The Great Barrier Reef

I have three words for you: Great Barrier Reef. The largest reef system in the world and I got to spend a day on it snorkeling.

The Great Barrier Reef is made up of over 2,900 individual reefs and 900 islands, covering approximately a total area of 133,000 square miles which makes it the largest living structure that can be seen from outer space. Coral reefs are made out of thousands of living sessile organisms. Being a major in zoology, part of my class requirements is to take invertebrate biology. Considering invertebrates make up 97% of all animal species, the majority of those being marine, I was actually excited to see what I’d learned last semester put to good use. So far this semester, I’ve been pleasantly surprised by how much I remember.

Our morning in Cairns began early, but the excitement for what awaited us made up for the lack of sleep. On our boat, fruit and bacon and egg sandwiches were provided for breakfast. Lunch later on consisted of rice, potatoes, noodles, salad and bread rolls. On board there was also a marine biologist to answer any questions we had about any of the marine animals we were going to possibly see. After his brief presentation, I was most excited with the prospect of seeing a sea turtle, reef shark, manta ray or, at the very least, a fish the same size as me.

At both our destinations, we had about an hour and a half stay at each reef. My first half hour I spent pretty much alone snorkeling since a couple of my friends went diving and I kept losing track of the other two. I knew how to snorkel, but I’d never done it in the open ocean before, therefore, I was a bit nervous at first. When I put my face in the water, however, and began swimming, my breath was blown away by the alien beauty of the deep blue. Unfortunately, the day was cloudy so the sun didn’t quite reach very far to light up all the different corals and instead everything appeared blue and washed out. I didn’t let that ruin my day, however.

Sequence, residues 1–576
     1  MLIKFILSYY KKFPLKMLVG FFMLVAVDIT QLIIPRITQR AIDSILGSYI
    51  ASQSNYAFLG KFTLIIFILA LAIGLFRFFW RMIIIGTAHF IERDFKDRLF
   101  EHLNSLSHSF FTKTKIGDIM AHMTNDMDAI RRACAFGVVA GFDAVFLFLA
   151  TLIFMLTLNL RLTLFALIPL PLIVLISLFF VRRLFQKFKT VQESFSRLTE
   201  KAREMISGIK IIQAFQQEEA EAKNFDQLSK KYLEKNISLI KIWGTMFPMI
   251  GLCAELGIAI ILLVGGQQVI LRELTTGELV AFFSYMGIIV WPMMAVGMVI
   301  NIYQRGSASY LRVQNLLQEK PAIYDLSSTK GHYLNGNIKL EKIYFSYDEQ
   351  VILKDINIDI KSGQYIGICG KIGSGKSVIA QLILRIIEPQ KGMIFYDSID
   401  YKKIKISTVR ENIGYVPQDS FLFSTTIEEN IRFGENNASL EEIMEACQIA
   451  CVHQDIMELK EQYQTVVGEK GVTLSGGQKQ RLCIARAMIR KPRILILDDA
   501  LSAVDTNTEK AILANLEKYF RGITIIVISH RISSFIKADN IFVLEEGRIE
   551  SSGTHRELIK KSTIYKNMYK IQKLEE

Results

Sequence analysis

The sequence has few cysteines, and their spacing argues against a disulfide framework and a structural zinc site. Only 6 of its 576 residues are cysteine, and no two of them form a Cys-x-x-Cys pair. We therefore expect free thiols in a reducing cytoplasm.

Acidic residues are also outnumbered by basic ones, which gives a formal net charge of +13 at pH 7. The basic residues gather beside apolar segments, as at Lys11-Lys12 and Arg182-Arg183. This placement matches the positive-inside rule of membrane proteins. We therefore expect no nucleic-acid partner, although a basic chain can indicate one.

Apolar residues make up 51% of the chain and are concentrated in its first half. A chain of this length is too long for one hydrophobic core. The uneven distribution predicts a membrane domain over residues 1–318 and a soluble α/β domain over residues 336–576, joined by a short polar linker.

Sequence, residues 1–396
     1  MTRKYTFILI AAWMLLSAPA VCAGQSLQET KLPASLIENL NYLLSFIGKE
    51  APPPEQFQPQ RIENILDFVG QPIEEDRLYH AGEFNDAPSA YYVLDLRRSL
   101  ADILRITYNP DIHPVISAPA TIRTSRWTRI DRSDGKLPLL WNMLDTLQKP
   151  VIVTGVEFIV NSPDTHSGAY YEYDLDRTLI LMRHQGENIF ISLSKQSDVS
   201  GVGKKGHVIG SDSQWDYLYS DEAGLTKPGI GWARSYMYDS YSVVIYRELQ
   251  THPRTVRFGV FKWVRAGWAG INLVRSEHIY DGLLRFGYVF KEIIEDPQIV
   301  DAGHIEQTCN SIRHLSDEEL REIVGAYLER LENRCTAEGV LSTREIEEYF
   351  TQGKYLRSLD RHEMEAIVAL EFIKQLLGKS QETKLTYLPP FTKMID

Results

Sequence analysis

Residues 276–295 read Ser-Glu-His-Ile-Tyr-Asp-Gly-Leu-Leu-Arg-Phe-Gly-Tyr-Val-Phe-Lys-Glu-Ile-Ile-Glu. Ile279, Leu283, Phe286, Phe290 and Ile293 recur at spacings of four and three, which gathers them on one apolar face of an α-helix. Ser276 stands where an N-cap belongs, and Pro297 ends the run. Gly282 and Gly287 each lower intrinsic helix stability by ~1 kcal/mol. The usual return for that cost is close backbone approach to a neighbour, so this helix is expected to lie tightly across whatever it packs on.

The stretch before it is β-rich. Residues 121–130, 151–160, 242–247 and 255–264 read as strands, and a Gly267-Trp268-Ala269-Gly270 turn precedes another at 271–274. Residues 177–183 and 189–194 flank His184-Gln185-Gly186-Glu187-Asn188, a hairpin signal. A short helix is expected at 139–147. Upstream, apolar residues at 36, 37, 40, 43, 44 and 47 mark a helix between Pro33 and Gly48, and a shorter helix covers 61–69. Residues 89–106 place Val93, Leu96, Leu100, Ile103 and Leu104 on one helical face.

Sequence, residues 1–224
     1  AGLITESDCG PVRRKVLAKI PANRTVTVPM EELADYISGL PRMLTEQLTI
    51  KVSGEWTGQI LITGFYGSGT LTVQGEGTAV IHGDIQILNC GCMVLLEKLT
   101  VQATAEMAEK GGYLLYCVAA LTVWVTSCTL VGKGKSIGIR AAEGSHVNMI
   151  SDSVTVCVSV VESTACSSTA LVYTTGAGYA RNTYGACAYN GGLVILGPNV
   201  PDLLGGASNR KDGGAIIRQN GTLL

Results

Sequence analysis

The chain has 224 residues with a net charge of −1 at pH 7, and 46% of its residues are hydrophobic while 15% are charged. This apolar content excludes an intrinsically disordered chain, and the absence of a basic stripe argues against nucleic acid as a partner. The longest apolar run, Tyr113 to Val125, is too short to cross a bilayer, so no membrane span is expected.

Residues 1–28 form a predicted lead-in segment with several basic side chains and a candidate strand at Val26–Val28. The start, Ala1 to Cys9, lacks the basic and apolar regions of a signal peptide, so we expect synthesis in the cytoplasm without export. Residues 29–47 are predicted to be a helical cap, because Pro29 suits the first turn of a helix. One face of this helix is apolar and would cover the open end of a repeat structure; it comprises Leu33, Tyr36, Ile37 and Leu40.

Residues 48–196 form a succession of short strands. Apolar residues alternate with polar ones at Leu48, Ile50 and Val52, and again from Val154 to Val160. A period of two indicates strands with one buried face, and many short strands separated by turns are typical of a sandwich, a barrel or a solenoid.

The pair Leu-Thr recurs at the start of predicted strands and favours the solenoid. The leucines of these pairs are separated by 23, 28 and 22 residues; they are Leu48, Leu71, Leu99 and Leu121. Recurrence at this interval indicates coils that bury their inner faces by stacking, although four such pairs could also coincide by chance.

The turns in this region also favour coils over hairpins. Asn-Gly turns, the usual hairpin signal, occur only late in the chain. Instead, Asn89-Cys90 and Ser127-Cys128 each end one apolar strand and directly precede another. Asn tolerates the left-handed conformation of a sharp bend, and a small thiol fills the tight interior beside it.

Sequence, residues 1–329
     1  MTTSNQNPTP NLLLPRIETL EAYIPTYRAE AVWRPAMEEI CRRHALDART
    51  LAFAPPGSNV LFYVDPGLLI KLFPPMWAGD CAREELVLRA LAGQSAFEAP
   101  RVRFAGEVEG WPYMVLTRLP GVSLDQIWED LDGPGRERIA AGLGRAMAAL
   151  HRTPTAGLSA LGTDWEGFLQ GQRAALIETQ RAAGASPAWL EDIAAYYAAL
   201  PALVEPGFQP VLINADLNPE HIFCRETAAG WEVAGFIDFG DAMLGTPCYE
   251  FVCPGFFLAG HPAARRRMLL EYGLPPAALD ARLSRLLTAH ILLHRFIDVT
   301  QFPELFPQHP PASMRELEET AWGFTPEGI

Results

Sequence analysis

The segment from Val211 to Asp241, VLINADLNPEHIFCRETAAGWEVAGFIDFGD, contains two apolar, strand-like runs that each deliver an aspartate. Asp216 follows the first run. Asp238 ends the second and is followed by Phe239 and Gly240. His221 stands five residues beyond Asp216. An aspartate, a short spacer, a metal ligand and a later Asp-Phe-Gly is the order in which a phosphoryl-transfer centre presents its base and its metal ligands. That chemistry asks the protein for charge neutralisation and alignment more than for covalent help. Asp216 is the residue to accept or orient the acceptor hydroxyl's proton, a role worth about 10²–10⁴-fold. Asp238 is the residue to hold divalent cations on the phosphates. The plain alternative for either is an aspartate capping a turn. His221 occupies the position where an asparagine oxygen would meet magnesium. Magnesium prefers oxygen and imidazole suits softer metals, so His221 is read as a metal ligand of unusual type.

I was unable to see anything really neat, but I did see a lot of reef fish. I can’t complain though because I did what few people will ever get the chance to do. My friends and I did manage to get a glimpse of a moray eel in a leftover shell of a giant clam. My friends, who’d gone diving did also manage to see a reef shark which I’m super jealous and relieved about at the same time.

All in all, it was a great day and a rather unique way to spend my Easter Sunday. I’m not regretting the fact that I didn’t get to see anything really awe inducing, but it would have been nice after I’d travelled half way around the world to experience that which was one of a lifetime. I guess I’ll just have to go back again someday!

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